STP1365

    Effect of Powder Morphology and Sintering Atmosphere on the Structure-Property Relationships in PM Processed Co-Cr-Mo Alloys Intended for Surgical Implants

    Published: Jan 1999


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    Abstract

    This study analysed the possibility of producing biocompatible, porous functionally graded metallic acetabular cups using powder metallurgy techniques, where a porous surface provided a substrate for incorporating a polymeric compliant layer which was supported by a rigid inner core. Two different Co-Cr-Mo powders were investigated, a water atomised powder and a novel bimodal powder; each had a different powder morphology leading to differences in compressibility and sintering behaviour. Suitable combinations of compaction pressure and sintering temperature were used to produce porous materials containing 5–33% total porosity. Moreover, sintering was conducted in three different atmospheres; under vacuum, in flowing argon and in a flowing molecular mixture of 75%H2/ 25% N2. The resulting alloys were subjected to mechanical tests including hardness, tensile strength and ductility. Variations in pore morphology led to differences in surface chromium, bulk nitrogen and carbon content which resulted in marked differences in properties, although the lower the bulk porosity the better the properties exhibited.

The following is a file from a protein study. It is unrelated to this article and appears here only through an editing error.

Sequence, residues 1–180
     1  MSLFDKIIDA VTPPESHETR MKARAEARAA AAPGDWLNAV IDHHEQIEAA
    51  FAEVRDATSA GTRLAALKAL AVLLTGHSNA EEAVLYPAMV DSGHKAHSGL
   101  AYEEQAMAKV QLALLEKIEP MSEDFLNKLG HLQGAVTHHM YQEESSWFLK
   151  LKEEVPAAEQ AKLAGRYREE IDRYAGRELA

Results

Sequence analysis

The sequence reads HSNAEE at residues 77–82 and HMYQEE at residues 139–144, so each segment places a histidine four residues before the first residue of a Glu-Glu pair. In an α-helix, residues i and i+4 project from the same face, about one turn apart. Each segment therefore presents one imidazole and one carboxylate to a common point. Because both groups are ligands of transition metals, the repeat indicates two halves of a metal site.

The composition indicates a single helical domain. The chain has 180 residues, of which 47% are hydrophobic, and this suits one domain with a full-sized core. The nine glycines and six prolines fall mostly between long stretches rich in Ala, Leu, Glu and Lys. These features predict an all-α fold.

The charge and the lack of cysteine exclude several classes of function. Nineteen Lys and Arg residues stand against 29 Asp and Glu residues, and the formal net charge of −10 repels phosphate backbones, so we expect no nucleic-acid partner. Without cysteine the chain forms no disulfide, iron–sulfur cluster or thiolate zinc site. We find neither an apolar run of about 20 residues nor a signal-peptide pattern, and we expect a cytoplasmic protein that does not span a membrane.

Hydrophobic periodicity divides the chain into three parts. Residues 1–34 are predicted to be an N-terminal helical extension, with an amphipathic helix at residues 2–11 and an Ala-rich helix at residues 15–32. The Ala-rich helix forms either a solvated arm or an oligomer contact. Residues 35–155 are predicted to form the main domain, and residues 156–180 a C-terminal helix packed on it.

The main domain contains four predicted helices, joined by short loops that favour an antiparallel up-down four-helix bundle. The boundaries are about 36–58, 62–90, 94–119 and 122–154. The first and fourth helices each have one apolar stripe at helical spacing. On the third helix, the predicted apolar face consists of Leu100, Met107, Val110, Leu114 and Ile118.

Keywords:

    Powder Metallurgy, Co-Cr-Mo Alloys, Sintering Behaviour, Corrosion Behaviour, Mechanical Properties


    Author Information:

    Becker, BS
    Research Fellow and Reader in Medical Engineering, University of Bradford, Bradford, West Yorkshire

    Bolton, JD
    Research Fellow and Reader in Medical Engineering, University of Bradford, Bradford, West Yorkshire


    Paper ID: STP14262S

    Committee/Subcommittee: F04.93

    DOI: 10.1520/STP14262S


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